Throughout the history of professional baseball, there have been some phenomenal talents on the mound. From former big leaguers like Juan Maricel to Tom Seaver to Lefty Grove to Gaylord Perry, there is no shortage of pitchers who have dominated the game. With so many outstanding talents, it can be hard to discern who the best of all time is. The debate becomes even more complicated when you factor in some of the changes the game has gone through in its more than one hundred years of history. But still, “who is the best ever” is a fun debate to have.
Another spirited debate centers around what constitutes Major League Baseball's “modern era.” Some experts simply say that baseball's modern era began in the year 1900. That's a tough one to swallow given that the sport looked vastly different in 1900 than it does today. Some argue that the “modern era,” begins in 1947, when Jackie Robinson broke the color barrier and baseball began its move toward integration. And it's a valid argument. However even in 1947, the game was much different than it is today. There is no shortage of thought about where the “modern era” of baseball begins and there are some compelling arguments out there.
For the purposes of this article, we are going to define baseball's “modern era” as 1969 . It was in 1969 that a variety of innovations within baseball – such as the lowering of the pitcher's mound in an effort to generate more offense – thus making pitchers have to be that much better – the unbalanced schedule, divisional play, and an expansion of the postseason, made baseball look much like the game we know and love today.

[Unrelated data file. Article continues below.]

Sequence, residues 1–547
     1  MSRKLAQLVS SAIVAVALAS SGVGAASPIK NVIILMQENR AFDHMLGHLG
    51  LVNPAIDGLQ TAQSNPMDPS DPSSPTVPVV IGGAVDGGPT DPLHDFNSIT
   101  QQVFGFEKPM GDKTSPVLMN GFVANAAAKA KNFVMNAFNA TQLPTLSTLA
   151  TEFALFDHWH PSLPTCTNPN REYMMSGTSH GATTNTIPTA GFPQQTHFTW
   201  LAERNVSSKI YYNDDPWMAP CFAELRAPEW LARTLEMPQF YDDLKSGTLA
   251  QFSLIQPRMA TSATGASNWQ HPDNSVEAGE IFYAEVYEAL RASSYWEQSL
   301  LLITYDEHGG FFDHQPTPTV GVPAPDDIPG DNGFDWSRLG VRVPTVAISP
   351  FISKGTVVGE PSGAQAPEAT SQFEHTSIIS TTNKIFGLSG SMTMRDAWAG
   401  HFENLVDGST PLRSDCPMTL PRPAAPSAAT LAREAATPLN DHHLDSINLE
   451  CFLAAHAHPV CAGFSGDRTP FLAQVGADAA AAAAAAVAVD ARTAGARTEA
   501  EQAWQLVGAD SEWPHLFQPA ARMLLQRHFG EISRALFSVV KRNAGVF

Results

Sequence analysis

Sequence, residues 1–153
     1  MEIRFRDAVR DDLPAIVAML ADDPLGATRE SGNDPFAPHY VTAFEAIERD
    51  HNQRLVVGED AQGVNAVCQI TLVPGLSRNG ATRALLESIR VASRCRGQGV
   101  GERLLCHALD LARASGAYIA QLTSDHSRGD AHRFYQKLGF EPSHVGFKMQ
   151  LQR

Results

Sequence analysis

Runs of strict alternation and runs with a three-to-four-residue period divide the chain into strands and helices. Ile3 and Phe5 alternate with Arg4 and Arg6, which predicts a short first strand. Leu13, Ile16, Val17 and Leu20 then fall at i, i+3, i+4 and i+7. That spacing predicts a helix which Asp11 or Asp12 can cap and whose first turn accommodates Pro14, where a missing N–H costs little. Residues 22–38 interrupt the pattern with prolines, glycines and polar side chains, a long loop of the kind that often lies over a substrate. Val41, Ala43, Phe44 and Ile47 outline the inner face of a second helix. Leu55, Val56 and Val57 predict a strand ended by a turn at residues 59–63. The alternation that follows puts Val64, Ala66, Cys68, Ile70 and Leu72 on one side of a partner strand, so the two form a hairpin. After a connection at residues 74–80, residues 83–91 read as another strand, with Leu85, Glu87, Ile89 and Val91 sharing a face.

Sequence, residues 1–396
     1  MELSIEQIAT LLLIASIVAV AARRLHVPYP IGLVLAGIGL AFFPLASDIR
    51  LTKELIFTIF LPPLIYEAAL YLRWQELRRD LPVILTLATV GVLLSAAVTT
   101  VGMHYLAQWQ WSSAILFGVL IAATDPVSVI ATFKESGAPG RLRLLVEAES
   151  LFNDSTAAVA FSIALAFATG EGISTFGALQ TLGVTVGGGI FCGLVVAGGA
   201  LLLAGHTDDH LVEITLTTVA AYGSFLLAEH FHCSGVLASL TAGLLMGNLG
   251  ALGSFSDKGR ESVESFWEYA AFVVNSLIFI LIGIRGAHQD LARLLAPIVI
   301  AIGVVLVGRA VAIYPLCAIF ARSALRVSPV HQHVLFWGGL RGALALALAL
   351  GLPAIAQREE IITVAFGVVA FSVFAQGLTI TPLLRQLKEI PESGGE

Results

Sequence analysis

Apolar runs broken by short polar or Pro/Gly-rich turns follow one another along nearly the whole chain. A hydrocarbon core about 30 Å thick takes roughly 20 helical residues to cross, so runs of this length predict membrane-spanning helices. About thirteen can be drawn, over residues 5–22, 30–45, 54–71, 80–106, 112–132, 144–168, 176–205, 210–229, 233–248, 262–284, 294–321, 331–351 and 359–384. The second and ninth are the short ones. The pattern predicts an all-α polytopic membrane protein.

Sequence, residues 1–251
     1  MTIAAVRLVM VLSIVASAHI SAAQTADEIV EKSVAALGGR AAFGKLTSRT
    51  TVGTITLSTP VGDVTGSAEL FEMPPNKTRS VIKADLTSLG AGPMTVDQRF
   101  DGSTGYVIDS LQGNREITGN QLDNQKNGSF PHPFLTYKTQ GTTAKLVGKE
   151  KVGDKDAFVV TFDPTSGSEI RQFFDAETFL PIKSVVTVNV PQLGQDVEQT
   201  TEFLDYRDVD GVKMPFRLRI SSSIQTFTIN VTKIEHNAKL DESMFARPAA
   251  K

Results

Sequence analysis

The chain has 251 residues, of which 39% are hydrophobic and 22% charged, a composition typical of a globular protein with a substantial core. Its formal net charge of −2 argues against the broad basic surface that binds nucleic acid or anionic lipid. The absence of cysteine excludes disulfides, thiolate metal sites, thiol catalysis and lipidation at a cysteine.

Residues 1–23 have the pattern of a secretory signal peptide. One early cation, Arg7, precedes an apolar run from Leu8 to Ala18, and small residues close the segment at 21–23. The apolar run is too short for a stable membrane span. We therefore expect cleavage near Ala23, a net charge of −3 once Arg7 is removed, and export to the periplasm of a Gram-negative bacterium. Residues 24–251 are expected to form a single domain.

Given the amount of incredible pitching talent that has passed through the Major Leagues, it's tough narrowing down a “best” list to 100. Narrowing it down all the way to 10 is insane and will likely leave off quite a few names – and will undoubtedly upset a lot of people along the way. But for the purposes of this article, no player who began their career prior to 1969 will be named, no active player will appear, nor will any pitcher who spent more time in the bullpen than in the starting rotation.
Even with that criteria, it's tough to winnow this list down. But we shall soldier on and deal with the flak accordingly. Here then, are the 10 greatest pitchers in MLB's “Modern Era...”
10 Tom Glavine (1987-2008)
9 Bert Blyleven (1970-1992)
8 Orel Hershiser (1983-2000)
7 Curt Schilling (1988-2007)
6 Andy Pettitte (1995-2013)
5 Dennis Eckersley (1975-1998)
4 Pedro Martinez (1992-2009)
3 Randy Johnson (1988-2009)
2 Roger Clemens (1984-2007)
1 Greg Maddux (1986-2008)
Maddux was never going to beat you by blowing you off the plate. But rest assured, he was going to beat you. He had pinpoint control of his pitches, not to mention a very wide repertoire, and that led to him racking up 355 wins over his 23-year career – feat made all the more impressive by the fact that he spent 10 years playing for some very bad Chicago Cubs teams. The Professor is an 8-time All Star, 4-time Cy Young winner, 3-time NL wins champion, and 4-time NL ERA champion. Maddux won his lone ring in 1995, and became a first ballot Hall of Famer in 2014. Proving his dominance and standing as one of baseball's greatest ever, he is the only pitcher in MLB history to win 15 games (or more) for 17 consecutive seasons.
Leave A Comment
Looking for an AD FREE EXPERIENCE on TheSportster?Get Your Free Access Now!